Pet Sematary (2019)

04/07/2019 10:34

Film: Pet Sematary

Year: 2019

Director: Kevin Kölsch and Dennis Widmyer

Writer: Matt Greenberg and Jeff Buhler

Starring: Jason Clarke, Amy Seimetz and John Lithgow



I feel like I should lead off stating that I’m a big fan of Stephen King and his works. This film intrigued me as I knew for awhile this film was in development. I saw the trailer for this film quite a few times and I was somewhat upset with the company that cuts it together for revealing something different from the original, which is part of the reason I gave up watching trailers. I was pretty high on this after my first viewing so curious to see where I am after this second one. The synopsis for Dr. Louis Creed (Jason Clarke) and his wife, Rachel (Amy Seimetz), relocate from Boston to rural Maine with their two young children. The couple soon discovers a mysterious burial ground hidden deep in the woods near the new home.

The film kicks us off with an overhead view of the new house and land, showing us the aftermath of something. We then are in the car on the way there. Louis, his wife Rachel, their daughter Ellie (Jeté Laurence), son Gage (Hugo and Lucas Lavoie) and cat Church. They go through the city of Ludlow, Maine.

Louis goes to work and Rachel stays at home with the children. They hear something outside. Rachel and Ellie see a funeral procession passing by. The noise is the last girl is playing a drum and they are wearing odd animal masks. The two go back inside, but Ellie sneaks out and finds a pet cemetery, but the sign is misspelled. She is drawn toward a barrier, but she falls and is spooked by an old man. He turns out to be Jud (John Lithgow). Rachel finds them and she is upset with her daughter and leery of the man.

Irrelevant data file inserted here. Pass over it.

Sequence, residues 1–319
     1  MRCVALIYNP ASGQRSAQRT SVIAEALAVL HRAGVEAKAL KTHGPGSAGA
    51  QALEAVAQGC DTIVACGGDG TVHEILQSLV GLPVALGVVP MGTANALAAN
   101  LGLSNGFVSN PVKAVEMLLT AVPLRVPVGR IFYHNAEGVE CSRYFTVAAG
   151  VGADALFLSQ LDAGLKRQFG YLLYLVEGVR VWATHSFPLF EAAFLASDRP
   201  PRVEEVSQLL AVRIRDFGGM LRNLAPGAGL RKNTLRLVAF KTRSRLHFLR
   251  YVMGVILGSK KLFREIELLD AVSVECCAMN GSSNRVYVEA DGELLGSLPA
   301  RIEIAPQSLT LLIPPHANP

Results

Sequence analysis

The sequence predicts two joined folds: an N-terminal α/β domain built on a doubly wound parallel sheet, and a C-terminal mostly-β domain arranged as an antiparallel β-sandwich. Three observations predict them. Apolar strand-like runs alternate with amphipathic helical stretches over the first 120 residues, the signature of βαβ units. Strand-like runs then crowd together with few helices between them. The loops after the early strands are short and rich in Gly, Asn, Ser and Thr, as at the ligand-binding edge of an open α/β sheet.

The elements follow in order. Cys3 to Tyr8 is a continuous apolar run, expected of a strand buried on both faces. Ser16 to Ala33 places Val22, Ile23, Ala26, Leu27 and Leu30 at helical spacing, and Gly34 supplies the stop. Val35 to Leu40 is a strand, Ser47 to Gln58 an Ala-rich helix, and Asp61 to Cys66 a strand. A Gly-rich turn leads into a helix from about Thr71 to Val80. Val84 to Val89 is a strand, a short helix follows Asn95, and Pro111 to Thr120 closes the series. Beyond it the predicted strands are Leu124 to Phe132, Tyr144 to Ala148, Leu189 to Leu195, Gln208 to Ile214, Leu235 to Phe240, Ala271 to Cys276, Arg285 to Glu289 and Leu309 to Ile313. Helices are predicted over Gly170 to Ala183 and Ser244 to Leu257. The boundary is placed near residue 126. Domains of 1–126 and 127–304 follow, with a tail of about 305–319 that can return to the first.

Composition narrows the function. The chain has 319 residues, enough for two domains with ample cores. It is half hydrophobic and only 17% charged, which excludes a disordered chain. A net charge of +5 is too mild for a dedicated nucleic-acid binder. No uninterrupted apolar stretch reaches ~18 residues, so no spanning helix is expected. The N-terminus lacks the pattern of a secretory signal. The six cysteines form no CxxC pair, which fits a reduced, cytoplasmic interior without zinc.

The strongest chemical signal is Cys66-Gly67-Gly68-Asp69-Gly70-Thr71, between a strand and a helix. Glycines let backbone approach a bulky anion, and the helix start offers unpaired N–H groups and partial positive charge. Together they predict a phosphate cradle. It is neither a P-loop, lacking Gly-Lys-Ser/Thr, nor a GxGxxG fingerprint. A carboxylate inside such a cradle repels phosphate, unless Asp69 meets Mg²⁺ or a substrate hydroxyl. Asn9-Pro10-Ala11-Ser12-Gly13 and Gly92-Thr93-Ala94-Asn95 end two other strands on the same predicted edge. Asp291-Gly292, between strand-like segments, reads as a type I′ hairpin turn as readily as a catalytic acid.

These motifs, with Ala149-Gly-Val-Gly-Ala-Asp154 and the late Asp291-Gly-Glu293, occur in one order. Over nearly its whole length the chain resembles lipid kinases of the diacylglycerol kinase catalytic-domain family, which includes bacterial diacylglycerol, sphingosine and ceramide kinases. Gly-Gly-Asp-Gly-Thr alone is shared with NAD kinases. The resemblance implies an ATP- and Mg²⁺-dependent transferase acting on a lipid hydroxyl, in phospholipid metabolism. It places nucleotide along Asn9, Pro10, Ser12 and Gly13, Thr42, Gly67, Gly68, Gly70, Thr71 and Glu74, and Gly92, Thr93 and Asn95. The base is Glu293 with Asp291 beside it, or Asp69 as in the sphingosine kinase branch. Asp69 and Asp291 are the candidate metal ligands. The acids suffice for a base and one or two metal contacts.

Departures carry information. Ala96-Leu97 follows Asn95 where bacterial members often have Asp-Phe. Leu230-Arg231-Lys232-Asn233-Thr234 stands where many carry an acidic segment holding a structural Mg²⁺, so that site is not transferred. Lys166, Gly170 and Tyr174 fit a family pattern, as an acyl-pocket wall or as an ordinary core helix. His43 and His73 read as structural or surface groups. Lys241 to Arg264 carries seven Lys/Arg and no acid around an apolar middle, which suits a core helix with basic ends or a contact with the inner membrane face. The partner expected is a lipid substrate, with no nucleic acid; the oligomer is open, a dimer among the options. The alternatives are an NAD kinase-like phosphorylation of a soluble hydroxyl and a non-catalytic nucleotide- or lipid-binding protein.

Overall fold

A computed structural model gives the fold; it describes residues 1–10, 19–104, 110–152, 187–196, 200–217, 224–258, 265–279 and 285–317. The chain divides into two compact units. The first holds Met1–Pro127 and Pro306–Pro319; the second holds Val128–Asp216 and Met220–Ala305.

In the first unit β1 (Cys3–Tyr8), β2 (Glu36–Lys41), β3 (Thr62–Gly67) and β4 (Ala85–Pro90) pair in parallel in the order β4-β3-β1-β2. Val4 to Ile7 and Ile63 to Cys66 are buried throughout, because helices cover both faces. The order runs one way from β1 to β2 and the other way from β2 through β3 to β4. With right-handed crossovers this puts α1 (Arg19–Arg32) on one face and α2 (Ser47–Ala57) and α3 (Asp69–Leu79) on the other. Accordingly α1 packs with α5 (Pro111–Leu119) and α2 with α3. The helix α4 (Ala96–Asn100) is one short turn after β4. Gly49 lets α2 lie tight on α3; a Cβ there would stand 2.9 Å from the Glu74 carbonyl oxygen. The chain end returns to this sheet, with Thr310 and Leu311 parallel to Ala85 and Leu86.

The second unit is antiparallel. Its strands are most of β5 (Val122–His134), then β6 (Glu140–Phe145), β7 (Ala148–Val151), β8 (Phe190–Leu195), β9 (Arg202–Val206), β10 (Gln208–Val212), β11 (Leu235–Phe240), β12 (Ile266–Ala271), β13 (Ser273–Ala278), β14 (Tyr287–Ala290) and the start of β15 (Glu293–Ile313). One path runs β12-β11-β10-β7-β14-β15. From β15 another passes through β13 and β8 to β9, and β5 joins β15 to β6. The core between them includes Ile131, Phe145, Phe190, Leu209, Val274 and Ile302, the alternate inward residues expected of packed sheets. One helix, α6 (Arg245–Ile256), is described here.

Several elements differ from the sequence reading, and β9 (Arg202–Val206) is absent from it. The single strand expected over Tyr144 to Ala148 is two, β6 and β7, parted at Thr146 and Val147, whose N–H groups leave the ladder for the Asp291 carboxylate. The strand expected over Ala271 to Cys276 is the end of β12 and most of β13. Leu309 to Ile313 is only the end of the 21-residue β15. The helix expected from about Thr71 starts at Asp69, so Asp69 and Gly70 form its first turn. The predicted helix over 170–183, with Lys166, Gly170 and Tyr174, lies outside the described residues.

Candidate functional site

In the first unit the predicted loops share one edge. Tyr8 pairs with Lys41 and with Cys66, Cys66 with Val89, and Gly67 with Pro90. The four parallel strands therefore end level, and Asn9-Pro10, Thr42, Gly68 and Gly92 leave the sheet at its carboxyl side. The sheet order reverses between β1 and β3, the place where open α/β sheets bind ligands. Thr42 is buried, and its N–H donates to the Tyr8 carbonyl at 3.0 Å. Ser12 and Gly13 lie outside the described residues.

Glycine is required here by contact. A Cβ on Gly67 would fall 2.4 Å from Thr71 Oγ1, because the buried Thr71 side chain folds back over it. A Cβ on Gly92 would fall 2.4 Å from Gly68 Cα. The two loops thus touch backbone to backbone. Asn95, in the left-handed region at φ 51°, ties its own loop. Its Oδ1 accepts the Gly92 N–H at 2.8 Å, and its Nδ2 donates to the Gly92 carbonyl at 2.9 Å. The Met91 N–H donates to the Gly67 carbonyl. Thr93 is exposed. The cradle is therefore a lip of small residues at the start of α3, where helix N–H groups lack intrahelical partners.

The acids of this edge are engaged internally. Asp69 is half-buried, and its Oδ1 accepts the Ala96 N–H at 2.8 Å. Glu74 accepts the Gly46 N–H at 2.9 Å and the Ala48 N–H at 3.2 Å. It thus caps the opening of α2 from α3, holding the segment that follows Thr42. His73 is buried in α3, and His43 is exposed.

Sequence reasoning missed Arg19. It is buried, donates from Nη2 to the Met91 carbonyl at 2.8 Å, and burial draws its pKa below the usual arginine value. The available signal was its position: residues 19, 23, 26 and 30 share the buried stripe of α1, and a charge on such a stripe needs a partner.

Later that night, Louis, Rachel and Ellie talk about what she found. It is then that we learn that Rachel has an issues talking about death. We learn that it has to do with her sister, Zelda (Alyssa Brooke Levine), and a traumatic events with helping her and of her passing away. She thinks that there is an afterlife where Louis doesn’t.

He is shook up when at work a student, Victor Pascow (Obssa Ahmed), is hit by a car. He dies while he is trying to save him, but is spooked even more when Pascow sits up and gives him a warning. Things get even worse when Judd shows Louis that Church has been hit by a truck. They go up to bury it that night in the pet cemetery, but Judd takes him over the barrier to where the ground has soured according to Pascow.